Now I’ve shot cartridge, ball and more, yes indeed

Now I’ve shot cartridge, ball and more, from three o three to fifty-four

And cannon to protect our shore, raise the flag, protect our flag

And cannon to protect our shore, save our flag.


But the Government wants my gun, Amnesty, Amnesty

But the Government wants my gun, Amnesty

But the Government wants my gun when no crime have I done

If I yield I’ll soon have none, freedom gone, freedom gone

If I yield I’ll soon have none, my freedom gone.


We will have a safer place, Johnny says, Johnny says

We will have a safer place, Mister Howard says

But we’ll have a safer place for invasion by another race

No defence for our home base, that’s no joke, that’s no joke

No defence for our home base, and that’s no joke


I will give up my self-loading gun, my fears high, fears high

I will give up my self-loading gun, my fears high

I will give up my self-loading gun but no never another one

Now I’m all said and done, here I stand, here I stand

Now I’m all said and done, I’ve made my stand.


Well my name it is S a m u e l, S a m u e l, S a m u e l

My name it is S a m u e l, S a m u e l

I said my name is S-a-m-u-e-l and I’ll see you all in hell

Before another gun I’ll sell, durn your hide, blast your eyes

There’s no other gun I’ll sell, damn yer hide.


Samuel Hall, damn yer hide!


Adjusting your sights

This subject sometimes confuses both new chum and regular old timers. It needn’t do, but I’ve experienced it, and to save lots of head scratching I plucked these few lines from one or other magazine where the experts congregate monthly. I made copies for each of my shooting boxes so that the brain scratching hair loss is kept to a minimum.

Adjust the rear sight in the direction that you want the round ball group to move. In other words, if your rifle is shooting groups to the left of where you are aiming, you will want to move the group to the right. Move the rear sight to the right and your group will follow.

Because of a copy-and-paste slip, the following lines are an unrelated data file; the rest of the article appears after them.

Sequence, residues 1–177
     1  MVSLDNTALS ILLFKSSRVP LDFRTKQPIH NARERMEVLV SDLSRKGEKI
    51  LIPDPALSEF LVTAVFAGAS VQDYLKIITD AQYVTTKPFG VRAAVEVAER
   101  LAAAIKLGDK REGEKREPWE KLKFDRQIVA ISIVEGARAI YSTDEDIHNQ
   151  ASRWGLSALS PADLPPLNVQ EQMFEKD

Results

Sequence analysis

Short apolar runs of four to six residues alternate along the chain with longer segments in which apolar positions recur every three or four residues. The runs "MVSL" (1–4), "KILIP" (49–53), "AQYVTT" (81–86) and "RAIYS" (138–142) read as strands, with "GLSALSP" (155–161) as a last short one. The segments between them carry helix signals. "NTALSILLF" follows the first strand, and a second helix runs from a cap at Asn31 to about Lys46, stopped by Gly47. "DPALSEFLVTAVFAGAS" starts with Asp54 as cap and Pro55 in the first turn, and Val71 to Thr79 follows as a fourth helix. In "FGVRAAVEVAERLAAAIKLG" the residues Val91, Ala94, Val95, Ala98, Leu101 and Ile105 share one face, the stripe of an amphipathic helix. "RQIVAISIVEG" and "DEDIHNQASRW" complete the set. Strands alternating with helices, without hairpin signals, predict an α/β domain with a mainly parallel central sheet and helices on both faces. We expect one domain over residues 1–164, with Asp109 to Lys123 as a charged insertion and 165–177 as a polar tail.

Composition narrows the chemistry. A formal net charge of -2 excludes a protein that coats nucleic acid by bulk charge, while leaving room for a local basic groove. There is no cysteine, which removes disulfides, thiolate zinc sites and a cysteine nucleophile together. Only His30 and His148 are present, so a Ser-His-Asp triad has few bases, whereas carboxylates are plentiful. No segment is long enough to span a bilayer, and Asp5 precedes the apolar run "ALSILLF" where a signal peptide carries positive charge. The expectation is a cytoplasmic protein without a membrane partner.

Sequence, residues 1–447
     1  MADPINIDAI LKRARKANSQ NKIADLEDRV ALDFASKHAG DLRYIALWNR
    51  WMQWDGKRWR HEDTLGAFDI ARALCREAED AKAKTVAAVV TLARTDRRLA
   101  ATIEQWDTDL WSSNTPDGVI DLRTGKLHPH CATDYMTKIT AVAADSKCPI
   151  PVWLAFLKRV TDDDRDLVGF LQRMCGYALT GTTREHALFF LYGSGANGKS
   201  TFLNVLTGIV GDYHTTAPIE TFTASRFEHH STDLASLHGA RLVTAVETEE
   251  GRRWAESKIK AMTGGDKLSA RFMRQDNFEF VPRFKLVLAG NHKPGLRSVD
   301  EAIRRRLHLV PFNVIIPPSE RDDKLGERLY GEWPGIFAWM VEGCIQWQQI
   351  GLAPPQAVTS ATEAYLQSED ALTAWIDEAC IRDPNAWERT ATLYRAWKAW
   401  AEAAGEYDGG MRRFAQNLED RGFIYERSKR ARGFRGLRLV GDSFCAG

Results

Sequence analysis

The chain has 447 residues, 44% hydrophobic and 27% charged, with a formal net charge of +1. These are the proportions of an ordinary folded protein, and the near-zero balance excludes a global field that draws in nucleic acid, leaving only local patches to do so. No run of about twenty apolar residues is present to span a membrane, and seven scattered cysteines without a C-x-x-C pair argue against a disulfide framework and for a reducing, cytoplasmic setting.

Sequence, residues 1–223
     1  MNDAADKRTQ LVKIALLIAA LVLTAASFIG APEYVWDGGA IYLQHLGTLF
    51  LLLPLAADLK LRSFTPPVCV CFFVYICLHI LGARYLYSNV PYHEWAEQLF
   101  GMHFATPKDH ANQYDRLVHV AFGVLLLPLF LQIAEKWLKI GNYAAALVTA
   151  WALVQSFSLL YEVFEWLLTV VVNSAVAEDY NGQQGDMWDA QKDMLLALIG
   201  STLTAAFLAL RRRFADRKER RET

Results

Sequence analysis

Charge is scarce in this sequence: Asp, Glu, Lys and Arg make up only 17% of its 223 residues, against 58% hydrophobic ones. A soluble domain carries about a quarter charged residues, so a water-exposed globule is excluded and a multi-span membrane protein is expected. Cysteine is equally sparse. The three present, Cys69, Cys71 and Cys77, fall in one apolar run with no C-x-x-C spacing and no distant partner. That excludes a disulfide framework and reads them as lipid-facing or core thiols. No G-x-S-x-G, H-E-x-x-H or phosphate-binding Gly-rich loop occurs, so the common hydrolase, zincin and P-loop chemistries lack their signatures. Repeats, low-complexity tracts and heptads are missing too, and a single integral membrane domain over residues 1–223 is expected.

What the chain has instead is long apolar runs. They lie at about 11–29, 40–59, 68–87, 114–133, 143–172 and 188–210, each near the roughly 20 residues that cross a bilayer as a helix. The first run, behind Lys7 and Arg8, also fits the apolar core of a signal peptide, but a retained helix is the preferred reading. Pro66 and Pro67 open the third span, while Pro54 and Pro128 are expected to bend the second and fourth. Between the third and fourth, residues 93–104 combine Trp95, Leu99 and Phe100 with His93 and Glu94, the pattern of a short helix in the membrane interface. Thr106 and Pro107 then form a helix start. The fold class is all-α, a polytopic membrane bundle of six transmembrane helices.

The same applies to any direction. Move the rear sight higher and the gun puts its bullets higher. Move the rear sight down and the group moves down. Move the sight left and the bullets move left. This rule is universal and applies to smooth-bores shooting round ball as well as to rifles. The rule to remember is this: The bullet group follows the movement of the rear sight. So what’s the rule if your smooth bore has no rear sight?

“Show us yer tins!”


Remember when Goex powder was $28 to $32 per one-pound tin? Well I can! About that time Pioneer brand was selling for $50 per kg and that had us all scuttling for a calculator with a 2.205 x key. Around about 1974 our president bought a can of Goex with original price tag of just $ 8.00.  He can’t remember it being so cheap, but he is getting on in years. Back then 500 gram tins of Curtis’s and Harvey powder was still available if you could sniff it out. Price? Well, damned if I can remember either.

The great GOEX can explosion

Now GOEX powder has not been readily available in the land of Oz for many a year. As private stocks have become severely depleted, what to do with the excess empty GOEX cans we seem to be accumulating lately? Shoot ’em up that’s what! Fill them with water, screw lid down tight, clear the firing line, shoot plumb centre, and watch them explode in meteorite like showers of water vapour. Fun? You bet!!


Easter camp 2017 April 14th to 17th   –  Enjoy Autumn camping at its very best.

Winter Quarters   Queen’s B’day w/e June 10, 11, & Mon 12th   More days of fun.

Millmerran Open Rendezvous   July 1st – 9th   Really, how much fun can you take?

Spring Rondyvoo Sept 16th – 17th   Our original Primitive weekend still going strong. 2nd Annual Great Southern Turkey Shoot. Start practising for our best gobbler comp.


Guess who had to buy a new sump protector plate for his BitsRmissing ute after coming to a crashing halt stalled atop a massive rock hidden in the ferns. Yep you’re right it was … Oh but Tattler can’t tell.  Happened on a much earlier firewood foray and he hoped to keep it quiet, but the cat was out of the bag when he disclosed the price of an upmarket replacement. You ask!


Although fees for 2017-2018 have been waived, members must advise our Treasurer they are continuing with club membership for P.L. insurance purposes. A brief Email confirmation to Bob Ellis will do the trick ellisgray@dodo.com.au

Don’t let people with no life take control of your life – Come to rendezvous!

One Response feed

  1. gordon hazel says:

    I still have a half pound tin of Curtis’s and Harvey FFFg, all but empty. I paid $5.00 for that in 1973. I was a kid on 20 cents a week pocket money!! I remember purchasing cases of Goex for $13 a pound on a primary producers certificate for the destruction of feral animals!! Great reading, pity I am so far away.